The combination of 2,5-dihydroxybenzoic acid and 2,5-dihydroxyacetophenone matrices for unequivocal assignment of phosphatidylethanolamine species in complex mixtures

The combination of 2,5-dihydroxybenzoic acid and 2,5-dihydroxyacetophenone matrices for... Unequivocal assignment of phospholipid peaks in complex mixtures is difficult if only the m/z values but no tandem mass spectrometry (MS/MS) data are available. This is usually the case for matrix-assisted laser/desorption ionization time-of-flight (MALDI-TOF) MS imaging experiments and the analysis has normally to be performed without prior separation. Another problem might be the often matrix-induced loss of one methyl group in phosphatidylcholine (PC) species, which makes them detectable as negative ions becoming isomers of some phosphatidylethanolamines (PEs). Selected lipid mixtures of known compositions were investigated by negative ion MALDI-TOF MS and various imaging experiments. In addition to common matrices such as 2,5-dihydroxybenzoic acid (DHB) and 9-aminoacridine (9-AA), different binary matrices, including 2,5-dihydroxyacetophenone (2,5-DHAP) as matrix additive to DHB, were tested to probe their performance in both ionization modes. Beside artificial PC and PE mixtures of known compositions, egg yolk and liver extracts as well as cryosections from liver and pancreas tissue were selected as biologically relevant systems. The majority of the binary MALDI matrices used here leads to the loss of a methyl group from PC in the negative ion mode, which makes the clear identification of PE species ambiguous. However, this problem does not apply if a mixture of DHB and 2,5-DHAP is used. Therefore, the application of DHB/2,5-DHAP as matrix is a simple method to unequivocally identify PEs even in complex mixtures and tissue sections as negative ions and without the necessity to separate the individual lipid classes prior to MS detection. http://www.deepdyve.com/assets/images/DeepDyve-Logo-lg.png Analytical and Bioanalytical Chemistry Springer Journals

The combination of 2,5-dihydroxybenzoic acid and 2,5-dihydroxyacetophenone matrices for unequivocal assignment of phosphatidylethanolamine species in complex mixtures

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Publisher
Springer Journals
Copyright
Copyright © 2018 by Springer-Verlag GmbH Germany, part of Springer Nature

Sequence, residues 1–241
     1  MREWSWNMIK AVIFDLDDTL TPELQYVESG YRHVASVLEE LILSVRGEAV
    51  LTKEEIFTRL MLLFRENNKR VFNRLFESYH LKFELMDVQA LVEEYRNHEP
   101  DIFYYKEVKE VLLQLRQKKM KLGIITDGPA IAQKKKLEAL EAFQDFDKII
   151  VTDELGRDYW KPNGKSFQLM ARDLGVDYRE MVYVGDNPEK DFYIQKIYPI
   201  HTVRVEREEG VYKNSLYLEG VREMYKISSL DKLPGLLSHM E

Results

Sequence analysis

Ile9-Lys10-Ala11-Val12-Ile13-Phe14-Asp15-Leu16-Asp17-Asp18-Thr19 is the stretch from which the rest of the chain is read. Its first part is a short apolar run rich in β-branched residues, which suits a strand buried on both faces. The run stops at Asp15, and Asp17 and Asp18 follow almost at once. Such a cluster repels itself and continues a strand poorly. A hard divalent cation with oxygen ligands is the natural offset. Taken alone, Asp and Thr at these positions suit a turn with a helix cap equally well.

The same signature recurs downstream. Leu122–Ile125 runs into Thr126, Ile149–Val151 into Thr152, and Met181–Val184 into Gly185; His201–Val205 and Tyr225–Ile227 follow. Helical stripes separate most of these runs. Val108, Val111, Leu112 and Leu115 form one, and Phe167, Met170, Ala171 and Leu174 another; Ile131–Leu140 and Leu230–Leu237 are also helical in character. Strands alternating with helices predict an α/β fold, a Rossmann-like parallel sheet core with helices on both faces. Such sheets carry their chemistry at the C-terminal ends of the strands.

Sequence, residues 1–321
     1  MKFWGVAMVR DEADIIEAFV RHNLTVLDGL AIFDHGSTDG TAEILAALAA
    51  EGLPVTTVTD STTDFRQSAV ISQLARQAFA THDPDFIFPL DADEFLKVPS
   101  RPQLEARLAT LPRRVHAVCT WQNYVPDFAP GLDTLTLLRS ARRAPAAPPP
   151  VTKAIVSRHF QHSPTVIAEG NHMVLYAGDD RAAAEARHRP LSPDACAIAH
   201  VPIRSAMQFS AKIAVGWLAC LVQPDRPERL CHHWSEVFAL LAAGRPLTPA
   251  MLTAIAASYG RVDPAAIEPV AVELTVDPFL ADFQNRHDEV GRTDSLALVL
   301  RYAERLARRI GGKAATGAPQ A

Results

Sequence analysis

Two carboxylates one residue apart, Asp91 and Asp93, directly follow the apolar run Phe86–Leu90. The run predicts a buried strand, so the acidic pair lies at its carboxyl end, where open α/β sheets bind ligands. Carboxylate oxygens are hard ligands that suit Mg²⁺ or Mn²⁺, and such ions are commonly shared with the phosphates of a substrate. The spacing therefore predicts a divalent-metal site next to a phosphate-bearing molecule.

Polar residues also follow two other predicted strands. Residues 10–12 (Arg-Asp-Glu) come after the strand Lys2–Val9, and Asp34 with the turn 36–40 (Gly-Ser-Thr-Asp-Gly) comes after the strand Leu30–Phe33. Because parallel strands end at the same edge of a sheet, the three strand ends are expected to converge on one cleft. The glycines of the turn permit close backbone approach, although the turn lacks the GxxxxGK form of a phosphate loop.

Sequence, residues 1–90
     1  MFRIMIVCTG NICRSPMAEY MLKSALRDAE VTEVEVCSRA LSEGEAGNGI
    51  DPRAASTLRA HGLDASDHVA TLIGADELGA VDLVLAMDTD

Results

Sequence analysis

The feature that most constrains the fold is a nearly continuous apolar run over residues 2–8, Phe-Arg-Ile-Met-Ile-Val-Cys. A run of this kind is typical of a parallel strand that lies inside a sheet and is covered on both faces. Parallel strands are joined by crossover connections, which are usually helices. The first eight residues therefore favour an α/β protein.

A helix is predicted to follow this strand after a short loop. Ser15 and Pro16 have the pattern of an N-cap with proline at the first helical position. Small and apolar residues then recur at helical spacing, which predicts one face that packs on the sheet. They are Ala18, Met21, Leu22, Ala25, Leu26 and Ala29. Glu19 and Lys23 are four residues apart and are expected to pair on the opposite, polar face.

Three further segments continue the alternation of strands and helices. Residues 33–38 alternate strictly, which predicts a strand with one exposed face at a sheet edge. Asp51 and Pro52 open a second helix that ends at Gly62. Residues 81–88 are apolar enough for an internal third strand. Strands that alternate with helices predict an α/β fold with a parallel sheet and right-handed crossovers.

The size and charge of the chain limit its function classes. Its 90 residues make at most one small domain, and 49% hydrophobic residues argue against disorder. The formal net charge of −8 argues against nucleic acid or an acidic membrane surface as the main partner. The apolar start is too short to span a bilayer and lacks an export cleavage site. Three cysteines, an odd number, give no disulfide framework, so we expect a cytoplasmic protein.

Subject
Chemistry; Analytical Chemistry; Biochemistry, general; Laboratory Medicine; Characterization and Evaluation of Materials; Food Science; Monitoring/Environmental Analysis
ISSN
1618-2642
eISSN
1618-2650
D.O.I.
10.1007/s00216-018-0926-9
Publisher site
See Article on Publisher Site

Abstract

Unequivocal assignment of phospholipid peaks in complex mixtures is difficult if only the m/z values but no tandem mass spectrometry (MS/MS) data are available. This is usually the case for matrix-assisted laser/desorption ionization time-of-flight (MALDI-TOF) MS imaging experiments and the analysis has normally to be performed without prior separation. Another problem might be the often matrix-induced loss of one methyl group in phosphatidylcholine (PC) species, which makes them detectable as negative ions becoming isomers of some phosphatidylethanolamines (PEs). Selected lipid mixtures of known compositions were investigated by negative ion MALDI-TOF MS and various imaging experiments. In addition to common matrices such as 2,5-dihydroxybenzoic acid (DHB) and 9-aminoacridine (9-AA), different binary matrices, including 2,5-dihydroxyacetophenone (2,5-DHAP) as matrix additive to DHB, were tested to probe their performance in both ionization modes. Beside artificial PC and PE mixtures of known compositions, egg yolk and liver extracts as well as cryosections from liver and pancreas tissue were selected as biologically relevant systems. The majority of the binary MALDI matrices used here leads to the loss of a methyl group from PC in the negative ion mode, which makes the clear identification of PE species ambiguous. However, this problem does not apply if a mixture of DHB and 2,5-DHAP is used. Therefore, the application of DHB/2,5-DHAP as matrix is a simple method to unequivocally identify PEs even in complex mixtures and tissue sections as negative ions and without the necessity to separate the individual lipid classes prior to MS detection.

Journal

Analytical and Bioanalytical ChemistrySpringer Journals

Published: Feb 14, 2018

References

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